Countdown to Paydirt: San Diego Chargers at Oakland Raiders

After struggling to move the ball en route to a 24-14 loss last week, the Raiders (1-3) host Phillip Rivers and the Chargers (2-2) for their first of two matchups against the division-rival Chargers.

The Raiders were unable to get their offense going last week against the Washington Redskins with starting quarterback Terrelle Pryor out with a concussion and Matt Flynn inserted into the starting position. Luckily for Raider Nation, the explosive Pryor looks to be healthy and ready to take charge of the Raiders offense against a Chargers defense that is allowing 349.3 yards per game.

Pryor started his first NFL game of his career against the San Diego Chargers in the final week of the season last year with then-starting quarterback Carson Palmer out with an injury. Pryor displayed his athleticism throughout the game finishing with 49 rushing yards and one rushing touchdown on nine carries to go along with 13/28 passing for 150 yards, two touchdowns and one interception.

But that was last year and Pryor has shown great strides in his ability to throw the ball since then. Pryor beat out Flynn for the starting job largely for his explosiveness due to his athleticism, but also because of his growth as a quarterback.

Pryor will be forced to get the offense going without his starting running back Darren McFadden who has not yet returned to practice after leaving last week’s game early with a hamstring injury. Pryor will instead have Rashad Jennings in the backfield. Jennings replaced McFadden last week and finished the game with 116 total yards on the day (45 rushing, 71 receiving).

Jennings and Pryor should be able to find some running room against a Chargers defense 120.5 rushing yards per game.

On defense, the Raiders face a tough test in Rivers and a Chargers offense that has been revitalized under the new regime in San Diego. The Chargers have been having their way with opponents largely through the air, as Rivers is averaging 299.8 passing yards per game, good for 6th in the NFL, while throwing for 11 touchdowns already.

Woodson and the Raiders secondary will need to keep an eye on Chargers tight end Antonio Gates who has dominated the Raiders in past games. Gates is coming off a 10 reception, 136 yards and two touchdown performance in the Chargers 30-21 victory over the Dallas Cowboys last week.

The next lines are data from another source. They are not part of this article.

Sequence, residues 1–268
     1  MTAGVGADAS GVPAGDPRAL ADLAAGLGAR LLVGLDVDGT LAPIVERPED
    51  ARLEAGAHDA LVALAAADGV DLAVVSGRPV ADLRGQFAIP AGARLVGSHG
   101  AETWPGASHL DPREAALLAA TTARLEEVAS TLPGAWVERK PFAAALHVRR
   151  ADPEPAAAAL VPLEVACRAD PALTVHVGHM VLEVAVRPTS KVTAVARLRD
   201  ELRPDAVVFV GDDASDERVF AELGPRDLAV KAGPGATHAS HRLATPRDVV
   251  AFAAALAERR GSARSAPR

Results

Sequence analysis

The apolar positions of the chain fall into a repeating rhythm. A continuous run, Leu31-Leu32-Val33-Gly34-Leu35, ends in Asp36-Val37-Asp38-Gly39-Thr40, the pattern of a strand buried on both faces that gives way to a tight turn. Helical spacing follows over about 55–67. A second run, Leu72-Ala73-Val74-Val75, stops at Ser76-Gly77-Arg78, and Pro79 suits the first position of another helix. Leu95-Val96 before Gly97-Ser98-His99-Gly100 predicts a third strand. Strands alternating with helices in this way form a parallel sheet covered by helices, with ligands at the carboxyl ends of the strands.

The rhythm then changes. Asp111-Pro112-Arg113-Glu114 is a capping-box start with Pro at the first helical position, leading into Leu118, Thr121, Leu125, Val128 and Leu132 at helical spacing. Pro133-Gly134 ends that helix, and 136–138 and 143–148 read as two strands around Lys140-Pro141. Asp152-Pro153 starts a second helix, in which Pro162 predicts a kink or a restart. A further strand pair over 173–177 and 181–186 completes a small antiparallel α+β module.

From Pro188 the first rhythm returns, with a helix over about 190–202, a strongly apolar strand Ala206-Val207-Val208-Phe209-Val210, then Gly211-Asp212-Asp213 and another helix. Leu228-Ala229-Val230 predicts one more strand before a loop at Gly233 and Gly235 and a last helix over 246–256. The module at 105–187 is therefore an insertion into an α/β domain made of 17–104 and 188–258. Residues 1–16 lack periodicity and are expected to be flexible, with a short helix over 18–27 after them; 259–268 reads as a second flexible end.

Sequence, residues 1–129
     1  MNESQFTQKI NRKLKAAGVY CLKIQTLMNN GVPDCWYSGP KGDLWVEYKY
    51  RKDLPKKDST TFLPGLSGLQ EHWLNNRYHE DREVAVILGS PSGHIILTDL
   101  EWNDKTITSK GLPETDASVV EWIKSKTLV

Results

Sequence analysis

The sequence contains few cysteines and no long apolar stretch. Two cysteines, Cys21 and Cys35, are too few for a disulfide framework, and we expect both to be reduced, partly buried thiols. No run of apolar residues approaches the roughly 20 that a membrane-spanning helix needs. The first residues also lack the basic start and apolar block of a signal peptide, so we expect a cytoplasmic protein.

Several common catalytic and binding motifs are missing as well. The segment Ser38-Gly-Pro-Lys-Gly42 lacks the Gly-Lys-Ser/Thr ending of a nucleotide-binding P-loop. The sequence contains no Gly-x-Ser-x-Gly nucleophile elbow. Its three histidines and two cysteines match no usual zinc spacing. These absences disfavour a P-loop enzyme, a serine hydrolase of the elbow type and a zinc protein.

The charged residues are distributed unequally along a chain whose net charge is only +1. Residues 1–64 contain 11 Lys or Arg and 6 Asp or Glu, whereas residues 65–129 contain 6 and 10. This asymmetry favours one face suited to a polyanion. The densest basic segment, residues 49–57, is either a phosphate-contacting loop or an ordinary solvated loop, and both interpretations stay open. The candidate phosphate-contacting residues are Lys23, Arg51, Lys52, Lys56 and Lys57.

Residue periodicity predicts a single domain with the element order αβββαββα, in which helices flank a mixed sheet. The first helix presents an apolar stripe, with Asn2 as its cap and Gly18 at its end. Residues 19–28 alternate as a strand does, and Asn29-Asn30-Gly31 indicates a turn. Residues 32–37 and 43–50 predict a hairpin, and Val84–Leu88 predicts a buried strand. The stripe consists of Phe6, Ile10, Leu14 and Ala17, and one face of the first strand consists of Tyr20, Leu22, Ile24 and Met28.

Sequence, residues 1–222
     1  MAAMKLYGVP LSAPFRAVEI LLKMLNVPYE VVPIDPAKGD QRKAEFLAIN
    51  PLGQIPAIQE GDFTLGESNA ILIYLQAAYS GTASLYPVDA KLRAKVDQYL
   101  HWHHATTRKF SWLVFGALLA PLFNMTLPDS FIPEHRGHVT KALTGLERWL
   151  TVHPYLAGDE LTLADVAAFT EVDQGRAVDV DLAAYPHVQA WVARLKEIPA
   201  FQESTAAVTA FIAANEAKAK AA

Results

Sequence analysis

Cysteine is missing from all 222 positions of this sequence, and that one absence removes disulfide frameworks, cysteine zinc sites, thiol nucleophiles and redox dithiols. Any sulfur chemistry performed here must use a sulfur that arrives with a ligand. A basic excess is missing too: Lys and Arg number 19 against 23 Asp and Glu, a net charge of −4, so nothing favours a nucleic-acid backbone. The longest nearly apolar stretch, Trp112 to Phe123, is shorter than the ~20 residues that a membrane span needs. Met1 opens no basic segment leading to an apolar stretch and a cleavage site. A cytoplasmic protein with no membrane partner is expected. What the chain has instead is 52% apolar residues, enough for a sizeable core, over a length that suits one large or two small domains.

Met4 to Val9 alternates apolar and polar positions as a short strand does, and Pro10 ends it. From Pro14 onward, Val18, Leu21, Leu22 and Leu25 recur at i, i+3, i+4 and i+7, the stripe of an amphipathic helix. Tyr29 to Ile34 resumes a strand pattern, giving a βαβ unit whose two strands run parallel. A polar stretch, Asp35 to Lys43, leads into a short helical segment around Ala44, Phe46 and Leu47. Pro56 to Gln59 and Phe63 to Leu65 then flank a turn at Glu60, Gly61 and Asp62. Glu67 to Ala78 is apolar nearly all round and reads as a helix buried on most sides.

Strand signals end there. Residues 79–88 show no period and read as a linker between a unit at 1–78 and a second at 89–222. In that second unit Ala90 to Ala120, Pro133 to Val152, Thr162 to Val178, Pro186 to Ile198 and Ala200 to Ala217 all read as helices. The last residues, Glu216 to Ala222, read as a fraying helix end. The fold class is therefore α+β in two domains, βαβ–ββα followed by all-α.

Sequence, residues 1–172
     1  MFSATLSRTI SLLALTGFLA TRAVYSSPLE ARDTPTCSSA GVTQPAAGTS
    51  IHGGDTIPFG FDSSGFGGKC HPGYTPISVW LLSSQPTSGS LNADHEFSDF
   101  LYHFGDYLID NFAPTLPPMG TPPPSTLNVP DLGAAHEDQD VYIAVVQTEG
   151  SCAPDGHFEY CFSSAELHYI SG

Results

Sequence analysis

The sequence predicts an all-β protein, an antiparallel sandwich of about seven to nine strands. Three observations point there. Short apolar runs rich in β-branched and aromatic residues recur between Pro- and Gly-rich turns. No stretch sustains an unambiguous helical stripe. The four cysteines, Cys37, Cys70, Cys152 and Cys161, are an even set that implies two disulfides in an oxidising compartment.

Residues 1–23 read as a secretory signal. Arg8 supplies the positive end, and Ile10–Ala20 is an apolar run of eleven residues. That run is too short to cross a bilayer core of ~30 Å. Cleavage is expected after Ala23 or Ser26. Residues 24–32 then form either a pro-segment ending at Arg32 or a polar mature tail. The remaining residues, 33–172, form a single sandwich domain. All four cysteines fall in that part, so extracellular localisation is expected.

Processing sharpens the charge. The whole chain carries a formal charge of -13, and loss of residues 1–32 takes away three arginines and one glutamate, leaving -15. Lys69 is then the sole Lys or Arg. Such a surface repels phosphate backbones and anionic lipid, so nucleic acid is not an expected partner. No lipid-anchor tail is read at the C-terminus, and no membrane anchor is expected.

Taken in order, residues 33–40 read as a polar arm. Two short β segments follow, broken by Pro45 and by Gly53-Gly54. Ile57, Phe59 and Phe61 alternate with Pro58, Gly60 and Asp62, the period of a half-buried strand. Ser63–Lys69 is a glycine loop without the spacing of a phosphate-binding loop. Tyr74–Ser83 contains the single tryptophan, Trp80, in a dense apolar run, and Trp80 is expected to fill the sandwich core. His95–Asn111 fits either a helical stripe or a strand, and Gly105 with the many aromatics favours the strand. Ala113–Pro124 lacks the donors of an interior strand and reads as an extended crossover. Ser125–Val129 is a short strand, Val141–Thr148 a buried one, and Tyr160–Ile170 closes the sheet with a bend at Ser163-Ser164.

While the Chargers are only averaging 105.0 rushing yards per game, having the Raiders secondary play a strong game against Eddie Royal and the Chargers wide receivers would go a long way to slowing down their offense.

Despite having forced a couple of fumbles, the Raiders defense is still looking for their first interception on the season. Woodson, Mike Jenkins and company will hope they can change that, though Rivers has only two interceptions through the first four weeks.

The meeting marks the 107th matchup between the Raiders and Chargers, with Oakland leading the lifetime series 57-47-2.

Milestones to watch for:

WR Jacoby Ford
• Needs 87 kickoff return yards to pass Doug Gabriel for 8th place and 155 yards to
pass George Atkinson for seventh on the Raiders’ all-time KOR yards list.

DE Lamarr Houston
• Needs six sacks to enter the top 20 in Raiders team history.

K Sebastian Janikowski
• Has now converted on 136-consecutive PAT attempts.
• Needs just 90 points to reach 1,500 for his career.

WR Denarius Moore
• Needs 408 receiving yards to reach 2,000 for his career.

QB Terrelle Pryor
• Is currently second amongst all quarterbacks with 198 rushing yards. Pryor could
eclipse the Raiders’ single-season mark of rushing yards by a quarterback with just
332 more yards. Rich Gannon set the mark in 2000 with 529.

WR Rod Streater
• Needs 244 receiving yards to reach 1,000 for his career.

S Charles Woodson
• Needs six interceptions to tie Ed Reed for first on the interceptions list among all
active players with 61.
• Needs one INT-TD to tie Rod Woodson for first on the all-time list with 12.
• Needs one defensive touchdown to tie Rod Woodson and Darren Sharper for the
most defensive touchdowns in NFL history with 13.



Author: Chris McClain

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